A healthy workforce improves productivity and contributes to organizational growth. Previous studies have shown that the work environment greatly influences work efficiency and worker health. However, the exact economic benefits of maintaining an optimal built environment in the workplace remain unclear.
In a new study, researchers from Japan have quantified the economic benefits associated with various elements of an office environment. Their findings underline the importance of developing healthier and more comfortable office spaces for improving productivity.
How Does The Office Environment Impact Workers?
Previous research has examined how indoor environmental quality (IEQ) — including elements like temperature, air quality, lighting, and noise — impacts work efficiency and worker health. However, these studies do not tend to focus simultaneously on work efficiency and worker health, nor do they quantify the economic benefits of optimizing office environments.
In a recent study published in the journal Building and Environment, researchers from Japan investigated how office environmental elements impact work efficiency and worker health, while also analyzing the economic benefits of optimizing these elements. They surveyed 1,644 workers in 29 office buildings in Tokyo, collecting data on the built environment through worker questionnaires and physical IEQ measurements. They then compared the perceived work efficiency (reported by workers) in offices to that in an “ideal” office with maximum work efficiency to estimate the economic value provided by the built environment.
Researchers also looked at the extent of “presenteeism” (working while sick) and compared it to a scenario where workers faced no health-related barriers to work. The study, led by Professor Shun Kawakubo from the Faculty of Engineering and Design at Hosei University, Japan, included colleagues Shiro Arata and Masaki Sugiuchi from Hosei University, and others.
The study found that participants perceived their work efficiency to be at an average of approximately 77%. Presenteeism varied, with some participants reporting no symptoms in the last 30 days, while others experiencing symptoms every day. The average decrease in performance due to presenteeism was approximately 34%.
The effects of overall office environment elements on perceived work efficiency and presenteeism were examined in the study. A better overall office environment was associated with higher perceived work efficiency among workers.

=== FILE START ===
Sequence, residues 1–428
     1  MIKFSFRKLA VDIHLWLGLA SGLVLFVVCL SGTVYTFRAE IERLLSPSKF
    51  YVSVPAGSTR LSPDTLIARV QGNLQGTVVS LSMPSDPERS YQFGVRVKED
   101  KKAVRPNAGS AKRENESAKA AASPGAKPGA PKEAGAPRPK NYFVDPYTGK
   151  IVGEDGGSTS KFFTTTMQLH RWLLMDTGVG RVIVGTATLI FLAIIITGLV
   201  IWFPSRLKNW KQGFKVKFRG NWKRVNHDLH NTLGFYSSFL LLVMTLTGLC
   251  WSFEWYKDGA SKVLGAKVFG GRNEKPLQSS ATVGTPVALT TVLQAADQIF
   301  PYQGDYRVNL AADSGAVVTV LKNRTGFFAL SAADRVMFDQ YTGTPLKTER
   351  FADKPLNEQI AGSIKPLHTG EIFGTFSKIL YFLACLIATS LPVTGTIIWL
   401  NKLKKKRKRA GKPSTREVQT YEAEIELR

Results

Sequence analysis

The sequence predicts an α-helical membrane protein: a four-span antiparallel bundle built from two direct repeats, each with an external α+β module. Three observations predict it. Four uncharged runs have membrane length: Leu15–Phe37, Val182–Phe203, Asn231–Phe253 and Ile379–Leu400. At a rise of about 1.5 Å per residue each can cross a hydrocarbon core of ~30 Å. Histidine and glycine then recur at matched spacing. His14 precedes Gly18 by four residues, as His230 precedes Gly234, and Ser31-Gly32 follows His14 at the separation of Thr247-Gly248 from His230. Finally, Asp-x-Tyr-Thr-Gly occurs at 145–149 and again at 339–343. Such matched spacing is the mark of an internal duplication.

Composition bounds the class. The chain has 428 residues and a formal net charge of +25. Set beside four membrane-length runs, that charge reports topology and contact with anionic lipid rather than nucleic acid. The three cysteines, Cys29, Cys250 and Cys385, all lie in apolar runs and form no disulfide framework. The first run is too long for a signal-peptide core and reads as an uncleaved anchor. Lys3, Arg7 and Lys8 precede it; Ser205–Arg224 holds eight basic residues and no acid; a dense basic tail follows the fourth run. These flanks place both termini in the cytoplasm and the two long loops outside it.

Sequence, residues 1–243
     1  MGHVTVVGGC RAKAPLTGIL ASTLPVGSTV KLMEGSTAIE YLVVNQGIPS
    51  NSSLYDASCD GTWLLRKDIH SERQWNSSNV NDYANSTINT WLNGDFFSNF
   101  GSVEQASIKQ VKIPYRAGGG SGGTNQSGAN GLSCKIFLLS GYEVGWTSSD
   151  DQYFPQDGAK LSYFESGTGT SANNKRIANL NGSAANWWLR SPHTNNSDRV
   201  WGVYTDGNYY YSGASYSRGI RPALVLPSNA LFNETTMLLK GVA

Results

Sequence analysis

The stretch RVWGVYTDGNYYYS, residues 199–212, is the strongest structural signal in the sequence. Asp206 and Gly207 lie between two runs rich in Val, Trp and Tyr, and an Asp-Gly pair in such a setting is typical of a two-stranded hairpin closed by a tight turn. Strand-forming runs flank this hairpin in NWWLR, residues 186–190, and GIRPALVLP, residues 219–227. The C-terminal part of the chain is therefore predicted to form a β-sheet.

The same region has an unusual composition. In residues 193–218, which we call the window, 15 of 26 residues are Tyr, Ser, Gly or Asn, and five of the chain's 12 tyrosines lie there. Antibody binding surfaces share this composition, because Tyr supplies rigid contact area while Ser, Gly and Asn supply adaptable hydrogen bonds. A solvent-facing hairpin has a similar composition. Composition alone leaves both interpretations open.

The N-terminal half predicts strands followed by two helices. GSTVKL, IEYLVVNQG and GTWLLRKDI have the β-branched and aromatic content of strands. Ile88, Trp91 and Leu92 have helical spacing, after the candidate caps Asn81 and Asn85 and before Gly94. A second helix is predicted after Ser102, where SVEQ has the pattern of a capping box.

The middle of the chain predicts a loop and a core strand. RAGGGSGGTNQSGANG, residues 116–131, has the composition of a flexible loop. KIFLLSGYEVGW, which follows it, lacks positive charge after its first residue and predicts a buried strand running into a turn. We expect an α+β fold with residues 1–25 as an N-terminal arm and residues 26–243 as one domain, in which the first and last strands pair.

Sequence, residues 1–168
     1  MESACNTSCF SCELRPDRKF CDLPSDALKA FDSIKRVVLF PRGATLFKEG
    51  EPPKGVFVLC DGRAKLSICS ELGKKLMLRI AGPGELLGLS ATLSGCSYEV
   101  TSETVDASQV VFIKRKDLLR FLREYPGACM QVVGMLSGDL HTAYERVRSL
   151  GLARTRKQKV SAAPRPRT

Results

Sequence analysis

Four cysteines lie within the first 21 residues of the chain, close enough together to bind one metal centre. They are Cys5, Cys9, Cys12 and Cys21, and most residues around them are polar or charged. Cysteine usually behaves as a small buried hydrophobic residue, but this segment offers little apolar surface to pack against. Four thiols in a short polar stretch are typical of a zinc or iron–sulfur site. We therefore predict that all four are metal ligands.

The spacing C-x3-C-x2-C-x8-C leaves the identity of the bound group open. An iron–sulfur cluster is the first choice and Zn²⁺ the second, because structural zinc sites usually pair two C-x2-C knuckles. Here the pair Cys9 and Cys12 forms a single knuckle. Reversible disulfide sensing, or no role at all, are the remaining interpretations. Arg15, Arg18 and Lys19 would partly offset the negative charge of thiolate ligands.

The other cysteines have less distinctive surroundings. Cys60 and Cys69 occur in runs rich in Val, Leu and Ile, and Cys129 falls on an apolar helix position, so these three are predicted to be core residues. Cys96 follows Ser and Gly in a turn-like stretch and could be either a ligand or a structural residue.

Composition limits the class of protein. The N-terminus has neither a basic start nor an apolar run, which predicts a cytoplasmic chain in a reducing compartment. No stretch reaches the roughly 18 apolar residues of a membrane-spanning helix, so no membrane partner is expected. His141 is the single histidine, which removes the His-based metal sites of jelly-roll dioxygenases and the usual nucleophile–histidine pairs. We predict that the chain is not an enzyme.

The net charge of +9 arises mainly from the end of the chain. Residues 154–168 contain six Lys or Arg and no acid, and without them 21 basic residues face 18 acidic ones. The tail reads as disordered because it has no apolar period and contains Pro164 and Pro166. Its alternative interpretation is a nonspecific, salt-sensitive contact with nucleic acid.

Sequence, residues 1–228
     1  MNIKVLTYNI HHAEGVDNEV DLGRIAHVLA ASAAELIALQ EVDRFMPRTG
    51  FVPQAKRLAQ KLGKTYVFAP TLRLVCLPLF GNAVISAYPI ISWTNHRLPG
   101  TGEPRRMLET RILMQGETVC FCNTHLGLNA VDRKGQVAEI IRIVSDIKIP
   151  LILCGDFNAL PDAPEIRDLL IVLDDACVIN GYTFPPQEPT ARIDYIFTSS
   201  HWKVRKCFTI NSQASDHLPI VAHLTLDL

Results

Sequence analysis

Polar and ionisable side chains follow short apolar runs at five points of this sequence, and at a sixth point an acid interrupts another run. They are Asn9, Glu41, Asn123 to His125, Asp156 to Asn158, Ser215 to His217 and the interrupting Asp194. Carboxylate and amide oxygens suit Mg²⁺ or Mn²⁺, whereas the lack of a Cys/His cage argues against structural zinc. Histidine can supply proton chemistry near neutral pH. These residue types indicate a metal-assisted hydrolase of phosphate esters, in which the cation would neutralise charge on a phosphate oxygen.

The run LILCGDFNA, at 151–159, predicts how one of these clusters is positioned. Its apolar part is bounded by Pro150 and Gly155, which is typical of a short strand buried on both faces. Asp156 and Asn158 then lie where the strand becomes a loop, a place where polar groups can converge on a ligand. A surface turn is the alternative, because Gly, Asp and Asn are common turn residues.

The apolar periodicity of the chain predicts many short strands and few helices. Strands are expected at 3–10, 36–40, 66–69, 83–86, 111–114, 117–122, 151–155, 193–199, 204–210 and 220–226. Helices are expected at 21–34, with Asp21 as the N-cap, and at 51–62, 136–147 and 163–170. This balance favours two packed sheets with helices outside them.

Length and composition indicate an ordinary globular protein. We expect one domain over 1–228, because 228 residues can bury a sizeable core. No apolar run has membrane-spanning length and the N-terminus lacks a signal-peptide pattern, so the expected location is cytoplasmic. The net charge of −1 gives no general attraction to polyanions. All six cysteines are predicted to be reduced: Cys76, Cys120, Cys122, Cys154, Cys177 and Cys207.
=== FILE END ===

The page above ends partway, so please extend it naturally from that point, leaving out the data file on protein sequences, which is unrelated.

“Workers in offices with lower environmental performance had low work efficiency, while those in higher-performing offices had high work efficiency,” explained Kawakubo. “The 16.8-point difference in work efficiency between workers in offices with relatively good and poor environments equates to an annual economic benefit of about 1,039,000 JPY [Japanese Yen; $6,908], highlighting the financial advantages of a good work environment.”
Similarly, a better overall office environment was linked to lower performance loss due to presenteeism.
“The better the office environment, the lower the amount of loss due to presenteeism,” noted Kawakubo. “The difference in annual economic loss due to presenteeism between workers in offices with relatively low environmental performance and workers in offices with relatively high environmental performance was 423,000 JPY [$2,812].”
Interiors, Cleanliness, HVAC Matter
The study also revealed that higher quality elements such as “interior and furnishings,” “overall building sanitation,” “airflow from HVAC (heating, ventilation, and air conditioning),” and “meeting space” were associated with higher perceived work efficiency.
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Elements like “disaster and emergency,” “thermal environment,” “lightning environment,” and “telecommunication networks” were associated with lower economic losses due to presenteeism. The estimated economic benefits related to perceived work efficiency were greater than those associated with presenteeism.
The study concludes that offices can boost economic benefits, and underscores the global need for enhancing worker efficiency as well as employee health by developing good quality offices.
“Today, companies around the world are reaffirming the importance of human capital,” concluded Kawakubo. “We believe that widespread recognition of the fact that investment in the creation of a good office environment is directly linked to maintaining and improving the health of office workers and increasing the productivity of the company as a whole, will contribute to the building of a healthier society.”